This is not the first time that the Office of the Commissioner of Official Languages has weighed in on the issue. You may recall that in 2014, then Commissioner Graham Fraser, together with the French Language Services Commissioner of Ontario and the Commissioner of Official Languages for New Brunswick, identified four principles to guide governments on immigration in Francophone minority communities.
Mr. Fraser also made recommendations to the Minister of Immigration, Refugees and Citizenship in a November 2014 joint report with the Ontario French Language Services Commissioner and in his 2014-2015 annual report.
In recent years, we have seen a number of important advances, including the introduction of the Mobilité Francophone program, the changes to the Express Entry system and the new definition of “official language immigrant,” as well as various consultations with official language minority communities.
Last fall, the government announced that it would welcome 300,000 immigrants a year. It is therefore essential that the government achieve its objective of 5% Francophone immigration to maintain the demographic weight of Francophone minority communities. Up until now, its efforts have not produced the expected results.
I think the federal government needs to do even more to attract Francophone immigrants and give official language minority communities the resources they need to welcome newcomers and help them settle into their new community.
The next official languages action plan, which we have been awaiting with anticipation and which is scheduled to be released soon, is one of the ways the government can do more.
Francophone immigration was a priority for my predecessors. Let me assure you that it will also be one of mine.
I would now like to take a few minutes to talk about another subject that I believe will affect the future of the Canadian Francophonie.
As you may know, my office has initiated discussions on the modernization of the Official Languages Act. The Act will turn 50 in 2019, so now is the perfect time to ask the government to amend the legislation.
I have been in office for only a month, but I am convinced that the Act must be modernized to reflect the many ways that Canadian society has changed since 1988―changes like the country’s demographic make-up, immigration and urbanization, and technological advances and their impact on the workplace in federal institutions and on how services are delivered to the public.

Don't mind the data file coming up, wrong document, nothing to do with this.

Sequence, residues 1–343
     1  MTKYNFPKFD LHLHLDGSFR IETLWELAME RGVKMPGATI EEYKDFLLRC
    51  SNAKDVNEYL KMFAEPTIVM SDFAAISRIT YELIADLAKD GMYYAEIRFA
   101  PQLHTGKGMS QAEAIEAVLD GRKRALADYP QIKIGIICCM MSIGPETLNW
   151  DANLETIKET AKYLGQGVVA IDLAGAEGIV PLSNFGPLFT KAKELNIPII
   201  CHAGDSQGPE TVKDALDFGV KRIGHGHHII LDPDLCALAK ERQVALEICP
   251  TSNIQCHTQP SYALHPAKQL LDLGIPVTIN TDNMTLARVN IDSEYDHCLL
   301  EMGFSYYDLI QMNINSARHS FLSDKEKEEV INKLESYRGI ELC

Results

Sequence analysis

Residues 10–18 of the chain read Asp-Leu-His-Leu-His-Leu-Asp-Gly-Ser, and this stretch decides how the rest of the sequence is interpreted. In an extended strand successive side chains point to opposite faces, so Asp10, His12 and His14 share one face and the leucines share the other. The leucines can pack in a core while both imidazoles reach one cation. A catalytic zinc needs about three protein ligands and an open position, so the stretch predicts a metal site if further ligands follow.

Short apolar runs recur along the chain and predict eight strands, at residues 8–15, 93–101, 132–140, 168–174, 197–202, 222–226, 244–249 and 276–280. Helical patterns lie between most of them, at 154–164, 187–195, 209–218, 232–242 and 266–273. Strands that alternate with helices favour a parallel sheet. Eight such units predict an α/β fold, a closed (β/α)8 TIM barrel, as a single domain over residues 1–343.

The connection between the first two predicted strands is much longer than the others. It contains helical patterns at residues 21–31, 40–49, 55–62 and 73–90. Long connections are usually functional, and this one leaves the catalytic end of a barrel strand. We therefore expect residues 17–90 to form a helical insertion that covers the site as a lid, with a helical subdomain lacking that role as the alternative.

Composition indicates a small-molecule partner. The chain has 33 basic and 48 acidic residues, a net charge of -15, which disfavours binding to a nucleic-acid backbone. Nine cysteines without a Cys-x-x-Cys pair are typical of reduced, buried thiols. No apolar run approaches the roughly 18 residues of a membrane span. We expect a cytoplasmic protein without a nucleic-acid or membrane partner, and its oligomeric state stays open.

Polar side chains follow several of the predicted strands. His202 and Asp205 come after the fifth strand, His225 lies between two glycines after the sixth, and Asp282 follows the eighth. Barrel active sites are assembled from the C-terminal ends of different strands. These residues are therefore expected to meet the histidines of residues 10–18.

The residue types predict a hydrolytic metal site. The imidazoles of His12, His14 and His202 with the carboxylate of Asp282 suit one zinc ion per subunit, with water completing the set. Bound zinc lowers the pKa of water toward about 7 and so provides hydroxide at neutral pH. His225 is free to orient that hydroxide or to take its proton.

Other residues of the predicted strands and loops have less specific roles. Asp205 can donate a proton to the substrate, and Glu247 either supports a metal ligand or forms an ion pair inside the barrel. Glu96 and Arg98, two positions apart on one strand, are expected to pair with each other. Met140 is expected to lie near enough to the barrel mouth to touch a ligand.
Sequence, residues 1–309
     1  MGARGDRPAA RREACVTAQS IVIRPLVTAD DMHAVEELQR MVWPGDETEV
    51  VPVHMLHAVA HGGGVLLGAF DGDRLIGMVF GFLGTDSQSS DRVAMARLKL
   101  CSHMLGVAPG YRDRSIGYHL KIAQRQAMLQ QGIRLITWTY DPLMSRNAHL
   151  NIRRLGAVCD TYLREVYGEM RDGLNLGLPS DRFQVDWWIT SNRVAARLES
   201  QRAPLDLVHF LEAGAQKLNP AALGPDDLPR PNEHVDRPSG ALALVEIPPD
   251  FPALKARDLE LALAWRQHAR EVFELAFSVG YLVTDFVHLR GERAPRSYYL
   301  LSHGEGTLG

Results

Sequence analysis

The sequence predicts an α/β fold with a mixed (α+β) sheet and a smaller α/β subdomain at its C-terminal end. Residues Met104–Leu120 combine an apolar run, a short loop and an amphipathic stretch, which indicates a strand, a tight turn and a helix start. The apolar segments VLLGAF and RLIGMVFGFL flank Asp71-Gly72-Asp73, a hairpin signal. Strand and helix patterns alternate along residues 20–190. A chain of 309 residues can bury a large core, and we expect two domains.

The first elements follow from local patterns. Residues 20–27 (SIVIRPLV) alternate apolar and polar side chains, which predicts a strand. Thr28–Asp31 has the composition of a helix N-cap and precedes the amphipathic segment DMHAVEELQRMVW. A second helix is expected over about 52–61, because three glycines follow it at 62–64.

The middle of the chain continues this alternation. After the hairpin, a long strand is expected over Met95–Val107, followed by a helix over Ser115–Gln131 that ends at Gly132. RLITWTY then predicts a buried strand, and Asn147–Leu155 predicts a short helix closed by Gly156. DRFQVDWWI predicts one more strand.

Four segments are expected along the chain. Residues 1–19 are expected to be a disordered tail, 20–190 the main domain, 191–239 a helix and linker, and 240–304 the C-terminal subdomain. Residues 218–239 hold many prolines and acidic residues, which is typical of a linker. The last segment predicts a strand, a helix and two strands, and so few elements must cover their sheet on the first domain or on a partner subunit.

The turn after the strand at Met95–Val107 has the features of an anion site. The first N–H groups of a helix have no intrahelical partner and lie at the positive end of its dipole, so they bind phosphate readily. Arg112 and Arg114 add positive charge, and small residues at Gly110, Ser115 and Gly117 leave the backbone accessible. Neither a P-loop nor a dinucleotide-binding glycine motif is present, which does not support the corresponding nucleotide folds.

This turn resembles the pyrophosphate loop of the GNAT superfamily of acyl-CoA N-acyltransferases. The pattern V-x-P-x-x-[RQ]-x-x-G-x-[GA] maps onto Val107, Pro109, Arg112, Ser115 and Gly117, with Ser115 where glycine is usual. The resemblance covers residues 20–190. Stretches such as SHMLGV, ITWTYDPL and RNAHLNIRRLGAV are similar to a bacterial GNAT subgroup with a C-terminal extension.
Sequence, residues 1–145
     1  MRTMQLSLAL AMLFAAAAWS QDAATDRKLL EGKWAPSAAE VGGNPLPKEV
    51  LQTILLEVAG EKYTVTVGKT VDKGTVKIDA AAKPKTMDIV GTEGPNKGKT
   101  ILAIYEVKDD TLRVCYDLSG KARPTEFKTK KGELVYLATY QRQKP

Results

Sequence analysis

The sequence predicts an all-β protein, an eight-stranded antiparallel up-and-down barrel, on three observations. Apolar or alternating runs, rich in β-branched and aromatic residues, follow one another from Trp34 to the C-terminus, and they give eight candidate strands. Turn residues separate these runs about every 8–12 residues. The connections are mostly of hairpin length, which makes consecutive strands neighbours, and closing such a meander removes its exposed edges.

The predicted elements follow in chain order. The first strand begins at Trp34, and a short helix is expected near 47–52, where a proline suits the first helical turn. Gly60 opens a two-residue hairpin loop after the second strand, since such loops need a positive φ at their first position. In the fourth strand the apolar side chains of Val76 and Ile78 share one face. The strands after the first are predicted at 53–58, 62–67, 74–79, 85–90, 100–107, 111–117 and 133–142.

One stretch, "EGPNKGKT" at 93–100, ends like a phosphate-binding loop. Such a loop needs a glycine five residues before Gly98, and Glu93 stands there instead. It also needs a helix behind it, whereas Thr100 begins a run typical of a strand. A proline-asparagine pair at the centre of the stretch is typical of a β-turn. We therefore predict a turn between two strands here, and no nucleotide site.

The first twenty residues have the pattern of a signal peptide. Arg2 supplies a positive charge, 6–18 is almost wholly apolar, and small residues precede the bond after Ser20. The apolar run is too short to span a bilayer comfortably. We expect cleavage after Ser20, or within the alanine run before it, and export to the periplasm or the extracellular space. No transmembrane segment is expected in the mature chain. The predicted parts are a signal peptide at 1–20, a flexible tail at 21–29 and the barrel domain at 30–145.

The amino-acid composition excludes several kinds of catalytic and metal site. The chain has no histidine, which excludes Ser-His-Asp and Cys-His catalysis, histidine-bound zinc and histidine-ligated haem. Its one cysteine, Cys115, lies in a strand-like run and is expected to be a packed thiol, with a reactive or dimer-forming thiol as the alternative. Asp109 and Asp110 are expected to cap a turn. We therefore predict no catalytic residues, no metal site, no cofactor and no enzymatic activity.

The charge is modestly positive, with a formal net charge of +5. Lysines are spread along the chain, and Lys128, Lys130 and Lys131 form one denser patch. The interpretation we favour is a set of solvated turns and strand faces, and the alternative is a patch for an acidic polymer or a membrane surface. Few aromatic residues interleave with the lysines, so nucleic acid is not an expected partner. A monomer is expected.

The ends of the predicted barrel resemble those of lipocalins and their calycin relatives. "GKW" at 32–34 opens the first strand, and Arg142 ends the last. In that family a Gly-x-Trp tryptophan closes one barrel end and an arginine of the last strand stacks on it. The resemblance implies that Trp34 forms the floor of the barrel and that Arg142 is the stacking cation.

Now more than ever, we need legislation that can respond proactively to the changing face of Canada.
While I focus on a number of issues, my team will continue to consult with key stakeholders and will begin broader public consultations very soon. These consultations will provide significant input into our analysis.
Key issues in this important exercise include language equality in the courts, affirming the Commissioner’s historical role of promotor and educator, the need to consider regulations for the promotion of English and French by the federal government, and including a provision for a periodic review of the Act.
I hope that you will all participate in these consultations in some way. My office wants to take a position with which both language groups and all Canadians can agree.
Since my time as a student at Saint-Boniface, I have seen and experienced both the gains and the losses of my Francophone community in Manitoba. In the various positions that I have held, I have also seen the progress made by Francophone and Acadian communities across Canada.
From French Canadian to Francophone Canadian to Francophone, my identity has evolved in step with Canadian society.
I know that there is still much work to be done to ensure the future of Canada’s linguistic duality and of its Francophone minority communities. We must build on the foundations of official languages and linguistic duality, and rise to the challenge. By participating in events such as this one, I am sure that we will succeed.